lesson. So often in life we find ourselves confronted with what seem to be insurmountable difficulties and limitations. But if we take a careful look at them, I wonder if they really are so impossible to overcome? Sometimes, when I’m feeling as though I can never succeed at something I’m trying to do, or that my plans will never work out, I have to stop and remind myself that the struggles I have to deal with are pretty insignificant compared to those of others. Most of us have it pretty easy in life when you stop to think about it. Perhaps we should stop every now and again to take stock of our problems. Are they really as bad as they seem, or like Ella, when life shovels dirt on us, can we learn to just shake it off and take a step up out of the hole in which we find ourselves? Consider the story in Genesis of Joseph, Jacob’s son. Though his brothers cast him in a cistern and left him for dead, he wound up second in command of the Pharaoh’s dynasty. Comfort, give comfort to my people says your God. Every valley shall be filled in, every mountain and hill shall be made low (Is 40: 1, 4). No matter how busy you are, you owe it to yourself to spend some moments allowing the Lord to fulfill His promise of comfort in your life. Then, take a moment to share that comfort with someone else. Father Philip Michael Kanfush earned a Bachelor of Arts degree in Secondary Education at the University of Pittsburgh and a Bachelor of Arts degree in Philosophy at Saint Vincent College. Father Philip completed both the Master of Arts degree in Sacred Scripture and the Master of Divinity degree at Saint Vincent Seminary. He holds a Master of Business Administration degree and a Master of Education degree in Special Education from the University of Pittsburgh. Licensed as a Secondary Social Studies teacher, Special Educator and Reading Specialist in the Commonwealth of Pennsylvania, Father Philip currently teaches at the Clelian Heights School for Exceptional Children in Greensburg, and serves as an adjunct faculty member in the Education Department at Saint Vincent College.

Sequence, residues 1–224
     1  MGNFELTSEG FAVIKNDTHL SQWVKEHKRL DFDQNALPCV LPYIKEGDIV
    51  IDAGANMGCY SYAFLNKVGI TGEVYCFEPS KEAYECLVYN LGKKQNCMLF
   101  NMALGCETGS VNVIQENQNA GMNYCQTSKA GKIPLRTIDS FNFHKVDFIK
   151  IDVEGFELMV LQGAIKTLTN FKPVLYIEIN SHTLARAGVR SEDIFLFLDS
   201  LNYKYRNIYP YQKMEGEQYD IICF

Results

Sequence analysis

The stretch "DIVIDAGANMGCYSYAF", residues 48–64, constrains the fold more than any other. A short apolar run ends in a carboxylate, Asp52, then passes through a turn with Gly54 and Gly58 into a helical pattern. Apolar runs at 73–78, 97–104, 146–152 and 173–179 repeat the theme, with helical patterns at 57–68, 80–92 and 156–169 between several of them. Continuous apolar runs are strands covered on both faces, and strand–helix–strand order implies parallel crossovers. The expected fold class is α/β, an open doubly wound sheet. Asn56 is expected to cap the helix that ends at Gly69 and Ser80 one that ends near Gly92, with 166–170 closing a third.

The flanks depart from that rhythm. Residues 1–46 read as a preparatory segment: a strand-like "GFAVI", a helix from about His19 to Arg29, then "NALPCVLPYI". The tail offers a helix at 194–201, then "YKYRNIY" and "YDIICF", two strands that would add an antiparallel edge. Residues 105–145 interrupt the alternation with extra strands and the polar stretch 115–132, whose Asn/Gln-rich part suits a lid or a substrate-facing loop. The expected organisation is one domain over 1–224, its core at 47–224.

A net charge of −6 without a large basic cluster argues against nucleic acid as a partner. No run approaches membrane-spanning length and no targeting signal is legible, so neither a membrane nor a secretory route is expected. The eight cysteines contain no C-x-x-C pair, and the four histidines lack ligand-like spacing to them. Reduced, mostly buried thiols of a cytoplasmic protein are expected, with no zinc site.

Basilica Parish Cookbook Celebrates 100 Years Just in time for the centennial celebration of the completion of the Archabbey Basilica in 2005 is a new cookbook published in September. “Celebrating 100 Years: A Collection of Recipes by Saint Vincent Basilica Parish” has a variety of recipes, from appetizers and beverages, soups and salads, vegetables and side dishes, main dishes, cookies and candy, to breads and rolls and desserts. Section dividers feature historic photos from Saint Vincent. The cookbook is available at the Parish Center or online at www.stvincentstore.com.

Vocations Web Page Updated The Saint Vincent Archabbey Vocations Web Page has been updated with new information, new photos and a new domain name. While all of the Saint Vincent family of web sites can be accessed from http://benedictine.stvincent.edu, the vocations site can be accessed directly at www.stvincentmonks.com. For more information on the abbey vocations program, contact Father Fred Byrne, O.S.B., vocations director, at fred.byrne@email.stvincent.edu.